Cluster 3 contains engineers, computer programmers, technicians, and other occupations where data and analysis are at the core of their daily activities. These occupations require knowledge of the sciences (chemistry, biology and physics), computers and electronics, and engineering and technology. The occupations also require various technical skills, including complex problem-solving, programming, design, troubleshooting, and operations analysis. Cluster 4 contains occupations that require knowledge across a range of domains, including biology, medicine and dentistry, public safety and security and law and government. These occupations require skills in science, complex problem solving and critical thinking, as well as abilities related to problem recognition or problem sensitivity. This cluster has a great deal of variation in educational requirements: 22% of occupations have an associate’s degree, 18% have a bachelor’s degree, 10% have a Master’s degree, 13% have a doctorate, and 8% have post-doctoral education. Occupations in Cluster 5 primarily include analytical, clerical, and office jobs, which deal with data, writing, and paperwork as their core activities. These occupations are similar to Cluster 3 in their skills (e.g., mathematics, critical thinking, complex problem solving) and abilities (e.g., mathematical reasoning, number facility). However, occupations in Cluster 5 involve more structured work than in Cluster 3.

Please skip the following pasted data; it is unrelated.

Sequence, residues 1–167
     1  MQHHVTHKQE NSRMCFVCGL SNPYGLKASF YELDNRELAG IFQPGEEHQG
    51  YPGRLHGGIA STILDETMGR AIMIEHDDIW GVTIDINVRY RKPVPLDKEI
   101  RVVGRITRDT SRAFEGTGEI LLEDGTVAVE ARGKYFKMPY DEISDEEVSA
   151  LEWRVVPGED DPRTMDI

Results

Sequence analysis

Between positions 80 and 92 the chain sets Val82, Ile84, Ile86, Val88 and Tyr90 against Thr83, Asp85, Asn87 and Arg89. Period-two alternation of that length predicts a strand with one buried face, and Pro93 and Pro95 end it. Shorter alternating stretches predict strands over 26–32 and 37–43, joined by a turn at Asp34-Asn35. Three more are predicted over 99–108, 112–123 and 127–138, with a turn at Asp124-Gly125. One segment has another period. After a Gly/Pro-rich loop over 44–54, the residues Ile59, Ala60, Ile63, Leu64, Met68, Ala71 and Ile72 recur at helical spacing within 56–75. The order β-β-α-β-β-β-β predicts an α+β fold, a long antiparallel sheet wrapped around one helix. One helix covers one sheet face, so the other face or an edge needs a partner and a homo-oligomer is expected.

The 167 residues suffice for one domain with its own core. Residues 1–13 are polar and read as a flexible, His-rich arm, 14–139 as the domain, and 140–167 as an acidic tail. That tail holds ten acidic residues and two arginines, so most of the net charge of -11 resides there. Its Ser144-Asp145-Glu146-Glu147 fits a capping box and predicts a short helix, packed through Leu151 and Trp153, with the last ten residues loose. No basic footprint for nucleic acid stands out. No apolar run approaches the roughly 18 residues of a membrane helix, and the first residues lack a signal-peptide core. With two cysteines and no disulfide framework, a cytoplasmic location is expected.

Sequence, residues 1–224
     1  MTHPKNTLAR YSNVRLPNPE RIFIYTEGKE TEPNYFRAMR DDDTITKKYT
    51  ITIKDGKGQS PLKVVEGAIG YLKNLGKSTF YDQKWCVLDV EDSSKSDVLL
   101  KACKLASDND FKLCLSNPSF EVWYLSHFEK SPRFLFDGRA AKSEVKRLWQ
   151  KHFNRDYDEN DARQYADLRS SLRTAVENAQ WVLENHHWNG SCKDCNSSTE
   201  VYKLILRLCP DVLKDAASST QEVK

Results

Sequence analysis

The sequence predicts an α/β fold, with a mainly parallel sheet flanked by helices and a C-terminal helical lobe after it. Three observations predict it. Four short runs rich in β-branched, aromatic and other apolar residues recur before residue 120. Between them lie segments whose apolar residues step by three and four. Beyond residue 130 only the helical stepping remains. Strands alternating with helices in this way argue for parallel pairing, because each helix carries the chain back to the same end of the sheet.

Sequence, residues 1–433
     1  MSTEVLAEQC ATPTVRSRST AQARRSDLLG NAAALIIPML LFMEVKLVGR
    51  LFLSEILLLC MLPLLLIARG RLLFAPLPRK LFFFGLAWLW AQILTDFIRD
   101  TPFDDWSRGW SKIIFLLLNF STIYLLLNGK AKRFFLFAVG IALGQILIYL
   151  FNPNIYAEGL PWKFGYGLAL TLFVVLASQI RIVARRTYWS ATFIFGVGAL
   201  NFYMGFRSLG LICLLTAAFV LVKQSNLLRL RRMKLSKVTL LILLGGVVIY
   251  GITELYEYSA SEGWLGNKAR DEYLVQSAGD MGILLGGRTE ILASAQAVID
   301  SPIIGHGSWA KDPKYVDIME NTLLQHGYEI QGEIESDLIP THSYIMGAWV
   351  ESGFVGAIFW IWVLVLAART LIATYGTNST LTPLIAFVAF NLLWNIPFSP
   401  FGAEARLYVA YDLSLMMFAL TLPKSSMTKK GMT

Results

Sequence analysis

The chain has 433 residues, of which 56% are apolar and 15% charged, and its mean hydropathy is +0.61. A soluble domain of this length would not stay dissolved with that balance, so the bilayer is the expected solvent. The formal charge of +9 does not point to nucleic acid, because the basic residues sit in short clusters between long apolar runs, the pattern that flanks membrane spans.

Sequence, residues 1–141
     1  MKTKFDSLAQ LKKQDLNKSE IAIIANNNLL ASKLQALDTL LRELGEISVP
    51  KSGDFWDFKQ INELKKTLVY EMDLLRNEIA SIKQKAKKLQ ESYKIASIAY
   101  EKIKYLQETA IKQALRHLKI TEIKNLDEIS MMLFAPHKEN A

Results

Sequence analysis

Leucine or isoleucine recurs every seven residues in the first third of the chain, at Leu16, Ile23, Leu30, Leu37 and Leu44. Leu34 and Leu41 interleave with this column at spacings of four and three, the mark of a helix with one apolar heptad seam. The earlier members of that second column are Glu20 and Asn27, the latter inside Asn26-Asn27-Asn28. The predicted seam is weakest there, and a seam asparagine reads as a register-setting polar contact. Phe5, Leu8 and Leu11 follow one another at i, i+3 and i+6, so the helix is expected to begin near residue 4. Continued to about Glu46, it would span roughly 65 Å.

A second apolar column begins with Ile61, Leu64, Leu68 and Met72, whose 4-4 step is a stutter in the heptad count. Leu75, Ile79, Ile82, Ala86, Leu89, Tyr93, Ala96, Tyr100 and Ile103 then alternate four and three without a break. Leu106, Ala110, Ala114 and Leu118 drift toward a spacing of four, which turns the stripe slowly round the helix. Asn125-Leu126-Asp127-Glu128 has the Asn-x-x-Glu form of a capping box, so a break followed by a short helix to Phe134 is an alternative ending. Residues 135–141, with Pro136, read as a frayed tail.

Cluster 6 represents customer and personal services occupations, such as food preparation, retail salespersons, and hairdressers. Cluster 7 groups equipment operation and service occupations, such as bus mechanics, elevator installers, and crane operators. Cluster 8 includes basic services, crafts, and manual occupations, such as watch repairers, material movers, and tile setters. Tables 4 and 5 illustrate that Clusters 6, 7 and 8 are distinct from the other five clusters discussed to this point in time with respect to their levels of educational attainment and work type. Workers in these occupations only require some amount of post-secondary education. In terms of work values, these clusters have a lower average score in achievement, independence, recognition, and work conditions, while having higher average scores on support (as well as relationships in some service-related groups). Work interests in these clusters tend to be relatively more conventional and realistic compared to Clusters 1–5. Cluster 6 is comprised primarily of service occupations that require knowledge about food production and customer and personal service. Clusters 7 and 8 are similar in that they share realistic interests with practical, hands-on work. These occupations often involve working outside with tools and machinery or plants and animals. The majority of occupations in Cluster 7 require mechanical knowledge and technical skills related to equipment maintenance, equipment selection, and repair. Cluster 8 contains occupations that require substantial manual labor and knowledge of the following areas: transportation, production and processing, and customer and personal service. They also require a high degree of technical skills related to equipment selection and maintenance, as well as social skills.